A quick chat with Floravere founder Molly Kang MBA ’15

Nov. 28, 2016, 9:09 a.m.

Any bride knows the struggle of wedding dress shopping. Making an appointment takes months, and when you finally book an appointment, finding the perfect dress you pinned on Pinterest is nearly impossible. And top it all off, waiting for months for a delivery really doesn’t help with all the stress.

Floravere founder and CEO, Molly Kang MBA '15. (FLORAVERE)
Floravere founder and CEO, Molly Kang MBA ’15. (FLORAVERE)

Luckily, there’s a new addition to the fashion-and-tech world that tackles these exact problems: Floravere, a digital shopping experience which removes much of the burden associated with looking for a dress in-store.  Launched just a few weeks ago, it is already turning heads at big luxury bridal companies and magazines such as InStyle, Brides, Tech.Co, Women’s Wear Daily, and Cosmopolitan.

Molly Kang MBA ‘15, founder and CEO of Floravere, said that she got the idea for her company when she was shopping for her own wedding gown. “I had a pretty miserable experience when I was shopping for my own dress. Every step was an obstacle and to add to that, the prices were ridiculous. I created this website to make the process more easier, efficient, and cheaper for women who are looking for bridal gowns.”

The multiple styles and silhouettes of the gowns, designed by previous designers for Monique Lhuillier, Dior, Zac Posen and Reem Acra, are all priced under $4000. Brides can pick up to three styles of dresses to be shipped to the comfort of their homes for only $45. Kang hopes this will help bring the fun back to looking for bridal dresses, through brides having “try-on” parties at their own convenience or in the comfort of their own rooms, rather than waiting months for an appointment at inconvenient time. After trying on the gowns, all the bride has to do is return the dresses in the prepaid shipping material, log on to the website to make any customizations necessary to her favorite style , and the gown will be made to order in 10-15 weeks.

A quick chat with Floravere founder Molly Kang MBA '15
On the Floravere website, you can choose up to 3 dresses to sample and try on. (FLORAVERE)

As successful as Floravere has been in capturing the attention of tech-savvy millennial brides striving for efficiency, Kang says it has been a rough journey to getting to the point they are at today. As I asked her about some of the struggles, she candidly replied, “At times, it feels like the entire world is against you. Getting a product out has been one of the most difficult tasks I have ever faced, especially here in the luxury bridal industry. There [are] so many obstacles along the way.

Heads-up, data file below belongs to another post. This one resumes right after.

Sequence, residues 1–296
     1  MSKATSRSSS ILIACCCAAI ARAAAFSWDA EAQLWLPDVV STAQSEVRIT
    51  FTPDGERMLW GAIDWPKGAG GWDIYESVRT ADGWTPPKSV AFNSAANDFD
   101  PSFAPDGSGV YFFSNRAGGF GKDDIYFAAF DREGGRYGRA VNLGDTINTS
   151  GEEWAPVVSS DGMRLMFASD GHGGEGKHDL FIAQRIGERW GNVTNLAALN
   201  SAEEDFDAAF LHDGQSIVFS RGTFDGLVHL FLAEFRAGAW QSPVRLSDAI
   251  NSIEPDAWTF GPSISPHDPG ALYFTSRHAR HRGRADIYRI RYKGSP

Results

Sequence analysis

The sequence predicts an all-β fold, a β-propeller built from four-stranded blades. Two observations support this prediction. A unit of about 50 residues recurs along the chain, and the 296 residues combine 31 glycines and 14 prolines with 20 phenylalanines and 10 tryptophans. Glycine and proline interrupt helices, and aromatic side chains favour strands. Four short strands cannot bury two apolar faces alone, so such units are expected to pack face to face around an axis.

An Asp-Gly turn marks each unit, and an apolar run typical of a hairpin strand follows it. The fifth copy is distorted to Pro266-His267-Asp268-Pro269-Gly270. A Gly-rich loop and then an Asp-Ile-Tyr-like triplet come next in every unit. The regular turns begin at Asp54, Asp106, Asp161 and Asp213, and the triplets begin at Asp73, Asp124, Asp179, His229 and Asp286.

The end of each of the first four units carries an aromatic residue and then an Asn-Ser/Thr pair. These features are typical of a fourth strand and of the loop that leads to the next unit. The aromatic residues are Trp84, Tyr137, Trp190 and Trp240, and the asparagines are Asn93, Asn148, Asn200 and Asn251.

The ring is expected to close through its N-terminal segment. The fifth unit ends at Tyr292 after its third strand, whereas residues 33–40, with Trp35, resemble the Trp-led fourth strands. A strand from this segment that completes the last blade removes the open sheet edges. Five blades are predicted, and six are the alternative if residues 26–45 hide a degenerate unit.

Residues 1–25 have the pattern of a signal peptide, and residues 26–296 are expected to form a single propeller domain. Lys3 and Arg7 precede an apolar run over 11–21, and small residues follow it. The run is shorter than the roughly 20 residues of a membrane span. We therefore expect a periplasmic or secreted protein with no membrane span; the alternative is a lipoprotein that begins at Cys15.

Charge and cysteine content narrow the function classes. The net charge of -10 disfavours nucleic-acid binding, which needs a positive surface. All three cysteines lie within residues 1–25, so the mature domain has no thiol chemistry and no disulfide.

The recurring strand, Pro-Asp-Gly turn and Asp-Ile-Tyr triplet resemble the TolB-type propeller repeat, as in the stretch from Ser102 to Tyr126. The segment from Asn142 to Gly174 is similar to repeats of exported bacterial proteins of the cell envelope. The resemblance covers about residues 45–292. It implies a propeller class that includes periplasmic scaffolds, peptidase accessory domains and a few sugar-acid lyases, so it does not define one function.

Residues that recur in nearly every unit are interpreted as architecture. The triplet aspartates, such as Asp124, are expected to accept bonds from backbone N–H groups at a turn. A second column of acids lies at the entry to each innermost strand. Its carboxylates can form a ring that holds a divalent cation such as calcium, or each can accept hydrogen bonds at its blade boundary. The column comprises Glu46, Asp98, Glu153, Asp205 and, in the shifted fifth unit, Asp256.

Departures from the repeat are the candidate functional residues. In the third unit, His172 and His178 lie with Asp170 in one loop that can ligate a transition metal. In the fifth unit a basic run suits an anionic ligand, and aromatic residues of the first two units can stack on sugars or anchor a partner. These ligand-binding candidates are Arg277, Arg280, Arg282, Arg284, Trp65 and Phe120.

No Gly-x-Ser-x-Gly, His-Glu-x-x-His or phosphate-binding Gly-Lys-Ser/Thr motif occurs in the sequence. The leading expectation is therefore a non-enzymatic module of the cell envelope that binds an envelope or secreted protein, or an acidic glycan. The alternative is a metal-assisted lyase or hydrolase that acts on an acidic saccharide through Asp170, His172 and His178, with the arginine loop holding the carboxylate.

“From facing constant critique because my company does not follow traditional methods, to getting the website built … to looking for talented members to join the team, I’m not going to lie: It’s been a difficult process. But I’m learning more in my life than I ever had. And believing in my idea and realizing that it can help brides has really helped me push past these obstacles.”

Kang advised future or current entrepreneurs at Stanford to keep this point in mind when starting a business. The power and passion behind your idea are what will help you overcome obstacles. Ensure that you aren’t simply starting a business for the sake of starting a business, but rather have an idea that you are truly passionate about.

Kang followed her belief and only applied to Stanford’s MBA after having this business idea in mind, even writing about it in her application. “Going to Stanford definitely gave me an edge in starting my business. There were so many classes catered towards people who have an idea in mind and want to further develop it. One of my favorite classes was called “Start-Up Garage,” in which we designed and tested business concepts. The professor in this class ended up becoming my first investor.”

But that was not the only benefit Kang has gained from going to Stanford. Having an incredibly powerful network has definitely propelled Kang’s business in a better direction. She says, “I made some incredible relationships at Stanford, and whenever I need help my peers have the capability to help me, whether it’s reaching out to one of my friends who works with Facebook ads to asking questions about Google analytics.”

Kang ended the interview with one last piece of advice for Stanford students who are interested in starting their own companies. “There’s this quote, ‘Start where you are. Use what you have. Do what you can,’ and I’m a firm believer in it. You will always feel like you can be in a better position, but if you have that passionate idea, the best time to start is now.”

Contact Medha Verma at medhav ‘at’ stanford.edu.

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